Saturday, December 8, 2012

On reading aloud



I’ve been thinking a lot about the act of reading aloud lately, because my husband and I have taken to reading aloud for each other, usually for a half an hour or so right before bed, so that we don’t go to sleep still thinking about the academic work we’ve been doing.  (I’ve done that; it usually isn’t pretty.  Last time, I stayed up an extra hour frantically putting together a new paper topic when it turned out that a prominent music theorist had already written the exact paper I had intended to do – oops!  I ended up sleeping badly, waking up often to worry over the new idea.  When I woke up in the morning, I was exhausted – but I did have a viable new topic!)  Reading aloud has become, for us, a wonderful chance to connect in a way that has nothing to do with the academic work we’re doing.  We don’t read theology; we don’t read nonfiction.

It started when we moved halfway across the country last August.  It was a really long car trip, and unlike our other long drives, we couldn’t bring any audio books from the public library, because we wouldn’t be returning.  For a change of pace, I started reading aloud one of the children’s books that I had brought – E.B. White’s The Trumpet of the Swan.  I hadn’t read it since I was a kid, and didn’t really remember it, and my husband had never read it at all (which was a real shame, since it’s such a great boy’s book with its strong male characters and powerful descriptions of nature and wilderness survival).  We ended up enjoying it so much that we decided to keep reading the book aloud after we had gotten settled in our new place.

Since then, we’ve finished The Trumpet of the Swan and have moved on to Christopher Morley’s excellent The Haunted Bookshop, sequel to the equally fantastic Parnassus on Wheels but which stands alone really well – in fact, my husband originally read this sequel first.  Our position is reversed from our first book – this time, I didn’t know the book beforehand, and he has been doing most of the reading.  Here are a few of the things I’ve been pondering:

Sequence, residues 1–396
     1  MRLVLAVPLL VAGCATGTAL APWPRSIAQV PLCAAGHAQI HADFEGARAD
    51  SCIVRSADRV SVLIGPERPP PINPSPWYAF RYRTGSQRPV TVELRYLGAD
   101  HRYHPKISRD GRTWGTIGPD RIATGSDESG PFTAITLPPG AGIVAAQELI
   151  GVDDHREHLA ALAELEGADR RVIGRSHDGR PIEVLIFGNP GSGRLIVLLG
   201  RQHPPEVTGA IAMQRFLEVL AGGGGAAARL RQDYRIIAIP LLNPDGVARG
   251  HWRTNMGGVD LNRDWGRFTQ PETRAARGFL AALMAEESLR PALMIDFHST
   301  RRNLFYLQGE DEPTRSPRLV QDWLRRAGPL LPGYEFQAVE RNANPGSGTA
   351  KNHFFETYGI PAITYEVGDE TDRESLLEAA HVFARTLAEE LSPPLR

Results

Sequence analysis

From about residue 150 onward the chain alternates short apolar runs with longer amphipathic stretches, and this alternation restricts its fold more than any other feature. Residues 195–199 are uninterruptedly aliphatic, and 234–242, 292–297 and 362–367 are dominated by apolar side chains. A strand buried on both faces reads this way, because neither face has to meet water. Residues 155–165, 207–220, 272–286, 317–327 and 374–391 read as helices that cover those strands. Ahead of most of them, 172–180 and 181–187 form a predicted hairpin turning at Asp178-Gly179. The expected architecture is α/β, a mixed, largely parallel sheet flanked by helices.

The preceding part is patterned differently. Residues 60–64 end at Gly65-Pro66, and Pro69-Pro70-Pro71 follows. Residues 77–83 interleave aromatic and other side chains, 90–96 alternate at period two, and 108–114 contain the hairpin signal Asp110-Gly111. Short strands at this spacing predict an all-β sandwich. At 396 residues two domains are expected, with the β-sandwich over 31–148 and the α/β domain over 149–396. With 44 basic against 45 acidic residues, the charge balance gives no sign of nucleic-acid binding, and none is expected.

• Reading aloud takes a long time, just like audiobooks.  Much longer than normal reading, at least for us.  Unlike an audiobook, though, you can follow along in the text, which helps when you’re as visual a learner as I am.
  • I wonder whether this longer time it takes to get through a book helps or hinders the book’s strengths and weaknesses.  Are characteristics emphasized by being drawn out temporally, or are their their impacts and noticeability reduced?
  • Who reads?  For us, it’s generally my husband.  He’s a lot more experienced in public speaking than I am, which means that he speaks in a more healthy and sustainable way, and his voice doesn’t get tired as fast as mine does.  This is something I need to address, though – as a future professor, I’ll need to be able to talk for long stretches of time.  Plus, if and when we ever have kids, it would be nice to be able to do a lot of the reading aloud to them.  On the other hand, my husband does fantastic voices!
  • How much should you read at once?  I suppose this probably depends on the book.  For The Trumpet of the Swan, a children’s book, we always read a chapter at a time, but for Morley’s longer novel, we often read until I start falling asleep, and then find a decent stopping point.  This may not be the best plan.  I often need to be reminded what happened last before we start back up again.
  • What makes a good read-aloud book?  We’ve enjoyed our two books so far, and I’ve noticed that both of them have fairly simple prose with frequent humor.  Neither required too much thinking.  On the other hand, we used to frequently read poetry and Shakespeare aloud.  Those are by no means simplistic reading, and the slower pace of reading aloud often helped make these texts more easily understandable.